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covert lists no main file and has no index.js, so it can't be directly required. If this is a mistake, please let us know. It may however contain internal files that you can require manually:

// require("covert/[??]")

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covert v1.1.0

code coverage command con coverify

covert

code coverage command

example

Just run covert on some ordinary files:

$ covert test/*.js
TAP version 13
# defined-or
ok 1 empty arguments
ok 2 1 undefined
ok 3 2 undefined
ok 4 4 undefineds
ok 5 false[0]
ok 6 false[1]
ok 7 zero[0]
ok 8 zero[1]
ok 9 first arg
ok 10 second arg
ok 11 third arg
# (anonymous)
ok 12 should be equal

1..12
# tests 12
# pass  12

# ok

# /home/substack/projects/defined/index.js: line 3, column 18-26

  if (false) dead();
             ^^^^^^^

# /home/substack/projects/defined/index.js: line 6, column 16-18, 19-25, 26-30, 31-51

  for (var i = 0; i < 5; i++) console.log('blah');
               ^  ^^^^^  ^^^  ^^^^^^^^^^^^^^^^^^^

# /home/substack/projects/defined/index.js: line 10, column 3-24

  console.log('blah');
  ^^^^^^^^^^^^^^^^^^^^

# coverage: 76/82 (92.68 %)

non-zero exit code in `coverify` command

In this example, this test suite is using tape. Tests written with tape can just be run directly using node, which fits very well with what this command expects.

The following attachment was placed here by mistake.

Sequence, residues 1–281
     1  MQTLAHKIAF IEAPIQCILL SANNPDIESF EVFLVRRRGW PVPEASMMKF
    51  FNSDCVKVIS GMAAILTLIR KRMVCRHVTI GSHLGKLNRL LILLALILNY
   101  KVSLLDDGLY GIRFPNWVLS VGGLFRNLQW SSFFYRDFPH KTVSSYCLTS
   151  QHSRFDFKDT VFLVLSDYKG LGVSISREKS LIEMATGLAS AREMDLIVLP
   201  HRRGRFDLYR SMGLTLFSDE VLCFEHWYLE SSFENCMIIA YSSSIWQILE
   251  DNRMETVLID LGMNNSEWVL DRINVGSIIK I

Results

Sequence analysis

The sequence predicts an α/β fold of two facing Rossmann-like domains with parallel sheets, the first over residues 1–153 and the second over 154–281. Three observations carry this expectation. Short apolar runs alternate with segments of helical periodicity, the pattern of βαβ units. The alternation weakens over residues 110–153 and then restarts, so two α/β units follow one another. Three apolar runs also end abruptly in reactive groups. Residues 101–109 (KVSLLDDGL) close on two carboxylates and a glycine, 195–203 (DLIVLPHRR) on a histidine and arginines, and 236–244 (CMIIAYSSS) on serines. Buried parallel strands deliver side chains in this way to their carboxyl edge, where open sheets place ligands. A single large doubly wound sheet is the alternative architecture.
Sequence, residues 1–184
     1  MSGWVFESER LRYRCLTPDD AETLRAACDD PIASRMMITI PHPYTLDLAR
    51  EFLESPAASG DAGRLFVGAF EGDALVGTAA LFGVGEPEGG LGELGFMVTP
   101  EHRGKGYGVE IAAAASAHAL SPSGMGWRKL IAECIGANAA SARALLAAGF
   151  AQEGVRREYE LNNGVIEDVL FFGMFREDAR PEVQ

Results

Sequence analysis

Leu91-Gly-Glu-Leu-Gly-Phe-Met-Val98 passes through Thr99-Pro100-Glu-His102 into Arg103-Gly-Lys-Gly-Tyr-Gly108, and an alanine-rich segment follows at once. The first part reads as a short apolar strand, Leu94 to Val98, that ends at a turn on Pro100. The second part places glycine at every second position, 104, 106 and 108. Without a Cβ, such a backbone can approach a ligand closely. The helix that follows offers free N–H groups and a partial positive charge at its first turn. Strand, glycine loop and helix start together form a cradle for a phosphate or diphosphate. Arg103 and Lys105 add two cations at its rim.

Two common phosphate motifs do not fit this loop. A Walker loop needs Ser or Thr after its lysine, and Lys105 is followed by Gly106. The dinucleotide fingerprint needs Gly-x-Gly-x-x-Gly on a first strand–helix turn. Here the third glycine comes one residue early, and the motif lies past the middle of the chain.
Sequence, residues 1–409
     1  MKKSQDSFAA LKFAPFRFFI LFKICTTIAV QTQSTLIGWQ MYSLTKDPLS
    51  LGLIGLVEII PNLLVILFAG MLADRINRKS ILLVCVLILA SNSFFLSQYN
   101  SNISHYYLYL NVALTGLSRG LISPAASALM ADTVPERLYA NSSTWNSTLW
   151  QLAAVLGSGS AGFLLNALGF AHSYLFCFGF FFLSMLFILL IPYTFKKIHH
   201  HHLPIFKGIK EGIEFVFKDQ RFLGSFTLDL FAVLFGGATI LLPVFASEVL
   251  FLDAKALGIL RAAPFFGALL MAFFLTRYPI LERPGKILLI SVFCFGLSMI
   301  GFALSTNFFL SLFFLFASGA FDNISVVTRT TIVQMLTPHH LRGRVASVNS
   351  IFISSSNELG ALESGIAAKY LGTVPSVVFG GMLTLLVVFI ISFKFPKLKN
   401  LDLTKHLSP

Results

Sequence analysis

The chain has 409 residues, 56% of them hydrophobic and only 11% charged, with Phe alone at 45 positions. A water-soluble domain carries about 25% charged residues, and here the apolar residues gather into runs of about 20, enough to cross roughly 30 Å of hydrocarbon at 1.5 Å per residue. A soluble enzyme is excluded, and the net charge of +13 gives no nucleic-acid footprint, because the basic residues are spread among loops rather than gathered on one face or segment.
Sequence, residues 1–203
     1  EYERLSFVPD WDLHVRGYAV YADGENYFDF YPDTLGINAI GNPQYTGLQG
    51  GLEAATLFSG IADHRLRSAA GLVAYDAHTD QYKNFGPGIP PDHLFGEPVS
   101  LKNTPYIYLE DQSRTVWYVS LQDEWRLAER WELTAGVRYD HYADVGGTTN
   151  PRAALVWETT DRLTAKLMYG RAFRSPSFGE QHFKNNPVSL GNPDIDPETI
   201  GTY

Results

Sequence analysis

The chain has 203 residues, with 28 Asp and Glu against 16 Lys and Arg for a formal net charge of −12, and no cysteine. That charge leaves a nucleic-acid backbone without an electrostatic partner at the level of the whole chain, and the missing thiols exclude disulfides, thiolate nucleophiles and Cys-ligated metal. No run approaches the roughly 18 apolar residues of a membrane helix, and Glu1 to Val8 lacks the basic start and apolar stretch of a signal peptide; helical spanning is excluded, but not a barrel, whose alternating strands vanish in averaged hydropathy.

install

With npm do:

npm install -g covert

usage

usage: covert {OPTIONS} FILES

  Instrument FILES and in-module dependencies, writing coverage data to STDERR.

  OPTIONS are:

    --json

      Suppress normal output and print json coverage data to stdout.

    -q, --quiet  

      Only print coverage data, suppressing all other output.

    -c, --color

      Use color in the output. Default: true if stdout is a TTY.

why

Most code coverage libraries do weird things I don't like, such as writing all their junk to directories and files in a completely out-of-band way.

covert:

  • only uses stderr and stdout, doesn't write to any files. All of this business about lcov files and directories with reports in them really weirds me out.

  • bundles with browserify --bare and a transform instead of hijacking require(). All the reporting goes through a unix pipeline on process.stdin and process.stdout. This is still hacky, but it's the kind of hacky that you can fix yourself when the magic breaks down. The internal pipeline is just:

browserify -t coverify --bare $* | node | coverify
  • works really well with simple unix pipelines. stdin and stdout: the wisdom of the ancients.

license

MIT

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